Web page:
Music and lyrics by Richard Taylor, book and lyrics by David Wood, based on the novel by L P Hartley
Apollo Theatre, Shaftesbury Avenue
“The past is another country” as L P Hartley unforgettably informed readers in the 1953 novel that was the progenitor of an iconic Joseph Losey film, scripted by Harold Pinter and starring Alan Bates and Julie Christie, as well as this new musical.
The Go-Between is a very different kind of musical from today’s standard fare. It is attractively understated and attempts to tell L P Hartley's coming-of-age story faithfully, using music and song as a medium to add atmosphere and enhance the tale.
This means that anyone wanting glitz and toe-tapping show tunes would be well advised to go elsewhere. Instead, there is an opportunity to relish a tale of class, love and innocence corrupted.
Michael Crawford stars as Leo, a painfully diffident old man whom life has largely by-passed—but for a wild three weeks 50 years previously at the turn of the last century.
The book and play allow him to recollect emotions in relative tranquillity and re-evaluate the past and its effect on his life.
As a 12-year-old, assuredly played by William Thompson, he was equally diffident one baking summer holiday while visiting the patrician Maudsley family at their country pile in Norfolk.
The shy youngster is flattered to be treated with kindness by his friend Marcus's beautiful sister, which might be as well, since Leo’s priggish young host, sung well by Archie Stevens, was a master of the put-down.
Not so Gemma Sutton’s sweet Marian, “a ripping girl” who charitably clothes overheating Leo and involves him in country house life as generously as her Lordly fiancé, Trimingham, played by Stephen Carlile.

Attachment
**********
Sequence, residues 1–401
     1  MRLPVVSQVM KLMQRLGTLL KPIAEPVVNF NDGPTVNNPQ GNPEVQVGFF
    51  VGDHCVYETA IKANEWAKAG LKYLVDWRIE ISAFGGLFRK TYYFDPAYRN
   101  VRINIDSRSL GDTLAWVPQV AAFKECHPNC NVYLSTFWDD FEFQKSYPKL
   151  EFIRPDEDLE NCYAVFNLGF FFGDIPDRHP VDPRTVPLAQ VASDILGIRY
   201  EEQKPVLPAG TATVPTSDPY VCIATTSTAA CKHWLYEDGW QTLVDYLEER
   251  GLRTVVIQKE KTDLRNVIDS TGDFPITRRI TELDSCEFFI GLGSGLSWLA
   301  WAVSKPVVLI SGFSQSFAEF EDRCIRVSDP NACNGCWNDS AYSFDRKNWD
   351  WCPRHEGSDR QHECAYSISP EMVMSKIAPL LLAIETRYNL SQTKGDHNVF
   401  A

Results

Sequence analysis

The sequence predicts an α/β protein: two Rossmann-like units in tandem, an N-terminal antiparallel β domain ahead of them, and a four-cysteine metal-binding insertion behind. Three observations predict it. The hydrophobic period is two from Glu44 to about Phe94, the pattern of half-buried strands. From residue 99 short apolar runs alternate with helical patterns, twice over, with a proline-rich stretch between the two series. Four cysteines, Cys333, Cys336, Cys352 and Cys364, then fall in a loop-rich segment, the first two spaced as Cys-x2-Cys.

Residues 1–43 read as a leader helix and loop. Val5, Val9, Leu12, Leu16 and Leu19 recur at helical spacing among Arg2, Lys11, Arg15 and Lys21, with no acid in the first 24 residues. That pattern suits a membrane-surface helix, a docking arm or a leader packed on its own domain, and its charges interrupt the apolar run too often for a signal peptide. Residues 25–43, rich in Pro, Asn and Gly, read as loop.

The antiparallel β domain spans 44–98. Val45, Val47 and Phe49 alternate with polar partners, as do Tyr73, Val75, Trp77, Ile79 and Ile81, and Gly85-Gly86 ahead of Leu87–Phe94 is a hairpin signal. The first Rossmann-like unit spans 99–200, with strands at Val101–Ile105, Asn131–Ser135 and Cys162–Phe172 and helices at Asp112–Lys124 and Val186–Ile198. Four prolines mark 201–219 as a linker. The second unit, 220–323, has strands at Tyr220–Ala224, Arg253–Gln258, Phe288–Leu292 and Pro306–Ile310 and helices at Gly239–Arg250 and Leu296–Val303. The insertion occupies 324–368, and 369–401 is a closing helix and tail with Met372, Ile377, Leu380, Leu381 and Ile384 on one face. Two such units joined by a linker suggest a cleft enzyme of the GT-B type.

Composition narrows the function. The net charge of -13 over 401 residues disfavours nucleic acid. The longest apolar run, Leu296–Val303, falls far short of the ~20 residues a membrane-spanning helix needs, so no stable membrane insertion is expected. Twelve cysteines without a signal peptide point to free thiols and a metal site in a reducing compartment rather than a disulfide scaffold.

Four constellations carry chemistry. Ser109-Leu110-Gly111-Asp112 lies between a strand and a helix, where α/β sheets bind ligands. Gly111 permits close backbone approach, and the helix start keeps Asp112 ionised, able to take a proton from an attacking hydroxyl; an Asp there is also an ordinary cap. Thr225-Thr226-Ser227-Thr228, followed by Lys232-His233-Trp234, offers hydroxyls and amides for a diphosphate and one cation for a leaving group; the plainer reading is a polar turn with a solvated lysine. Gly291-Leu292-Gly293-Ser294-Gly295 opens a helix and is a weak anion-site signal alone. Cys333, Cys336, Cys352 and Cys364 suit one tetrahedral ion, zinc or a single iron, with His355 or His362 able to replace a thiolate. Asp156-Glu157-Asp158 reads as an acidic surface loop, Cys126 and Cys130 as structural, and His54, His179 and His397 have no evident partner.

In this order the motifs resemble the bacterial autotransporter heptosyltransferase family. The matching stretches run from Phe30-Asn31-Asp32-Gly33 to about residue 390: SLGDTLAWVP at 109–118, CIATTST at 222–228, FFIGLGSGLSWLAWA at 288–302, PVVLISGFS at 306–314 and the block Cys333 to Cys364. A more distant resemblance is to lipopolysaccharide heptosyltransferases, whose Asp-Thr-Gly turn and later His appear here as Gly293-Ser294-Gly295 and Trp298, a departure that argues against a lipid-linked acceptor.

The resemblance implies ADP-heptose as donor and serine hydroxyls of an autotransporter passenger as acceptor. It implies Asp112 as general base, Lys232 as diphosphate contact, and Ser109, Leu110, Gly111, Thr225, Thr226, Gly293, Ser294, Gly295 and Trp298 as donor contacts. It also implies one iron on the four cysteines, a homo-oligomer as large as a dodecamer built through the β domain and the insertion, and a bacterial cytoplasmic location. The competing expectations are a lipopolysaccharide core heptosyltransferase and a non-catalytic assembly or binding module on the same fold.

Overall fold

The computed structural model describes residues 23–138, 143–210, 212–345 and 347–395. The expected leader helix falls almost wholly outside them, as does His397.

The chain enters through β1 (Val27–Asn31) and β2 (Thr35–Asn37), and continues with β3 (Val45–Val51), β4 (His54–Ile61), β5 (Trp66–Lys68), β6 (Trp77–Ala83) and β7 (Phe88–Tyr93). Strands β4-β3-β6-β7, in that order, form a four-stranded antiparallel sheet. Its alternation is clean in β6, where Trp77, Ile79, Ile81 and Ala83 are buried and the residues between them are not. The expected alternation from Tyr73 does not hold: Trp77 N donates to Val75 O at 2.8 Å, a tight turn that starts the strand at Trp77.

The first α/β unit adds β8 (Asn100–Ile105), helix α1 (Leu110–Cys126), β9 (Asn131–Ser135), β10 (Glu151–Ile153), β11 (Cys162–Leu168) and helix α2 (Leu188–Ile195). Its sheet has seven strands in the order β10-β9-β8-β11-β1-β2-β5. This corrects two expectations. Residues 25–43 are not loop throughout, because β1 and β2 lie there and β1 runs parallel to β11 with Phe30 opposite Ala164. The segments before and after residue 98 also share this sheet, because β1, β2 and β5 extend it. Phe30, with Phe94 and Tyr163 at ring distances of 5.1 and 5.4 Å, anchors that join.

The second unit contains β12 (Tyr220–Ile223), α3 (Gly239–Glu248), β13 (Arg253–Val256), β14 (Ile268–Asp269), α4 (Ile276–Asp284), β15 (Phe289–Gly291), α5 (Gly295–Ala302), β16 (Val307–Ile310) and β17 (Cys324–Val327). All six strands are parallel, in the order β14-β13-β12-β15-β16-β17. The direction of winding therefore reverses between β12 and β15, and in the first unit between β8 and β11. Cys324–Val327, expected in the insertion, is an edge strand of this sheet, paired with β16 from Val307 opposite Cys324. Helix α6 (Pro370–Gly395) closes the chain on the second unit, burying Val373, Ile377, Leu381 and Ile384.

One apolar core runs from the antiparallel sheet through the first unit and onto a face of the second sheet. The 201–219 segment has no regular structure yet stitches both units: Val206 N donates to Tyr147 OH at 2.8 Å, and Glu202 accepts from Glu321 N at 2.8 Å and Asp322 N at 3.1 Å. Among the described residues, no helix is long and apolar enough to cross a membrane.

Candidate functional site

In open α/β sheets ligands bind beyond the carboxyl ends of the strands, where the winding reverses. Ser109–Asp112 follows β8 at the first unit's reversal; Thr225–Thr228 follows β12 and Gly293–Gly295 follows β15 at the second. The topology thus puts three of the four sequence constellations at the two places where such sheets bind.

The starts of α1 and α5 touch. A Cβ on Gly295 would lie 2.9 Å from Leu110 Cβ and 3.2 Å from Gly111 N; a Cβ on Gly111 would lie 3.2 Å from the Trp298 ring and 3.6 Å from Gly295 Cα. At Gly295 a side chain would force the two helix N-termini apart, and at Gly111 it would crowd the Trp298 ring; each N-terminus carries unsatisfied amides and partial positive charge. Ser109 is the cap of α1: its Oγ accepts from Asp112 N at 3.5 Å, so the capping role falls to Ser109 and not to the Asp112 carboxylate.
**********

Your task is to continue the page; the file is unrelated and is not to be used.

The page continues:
The Viscount’s burden is a facial disfigurement, resulting from the Boer War, that might well have reminded Michael Crawford of his old alter ego, The Phantom of the Opera.
For rich folk in Norfolk, all seems well in a world that has yet to face two World Wars and a slow diminution of a class system that was still in pristine condition.
Unwittingly, though, Leo is drawn into subterfuge as he becomes a “postman” taking messages backwards and forwards between Marian and Stuart Ward’s well-muscled farmer, Ted Burgess, the salt of the earth if ever it was humanised.
Only after several visits does the unworldly youngster eventually discover the nature of the “business” passing between this pair, even then struggling to understand and believe what is happening almost before his eyes.
Indeed, some of the comedy of a gently shocking evening is generated by his ignorance of “spooning” and desperate desire to discover what goes on between the birds and the bees.
The drama builds through Leo’s symbolic heroism on the cricket field to an inevitable finale, which is viewed retrospectively by the Michael Crawford incarnation, the embodiment of loneliness and failure.
Like Benjamin Britten’s operatic The Turn of the Screw, this musical interpretation of The Go-Between, directed by Roger Haines, feels more like a straight play delivering many of its lines through the medium of song, accompanied by highly accomplished pianist Nigel Lilley rather than an orchestra.
The songs serve their purpose in advancing the plot, rather than making a big impression individually but help to provide an entertainment that catches the period perfectly, relates a familiar tale simply but effectively and should prove moving.
Reviewer: Philip Fisher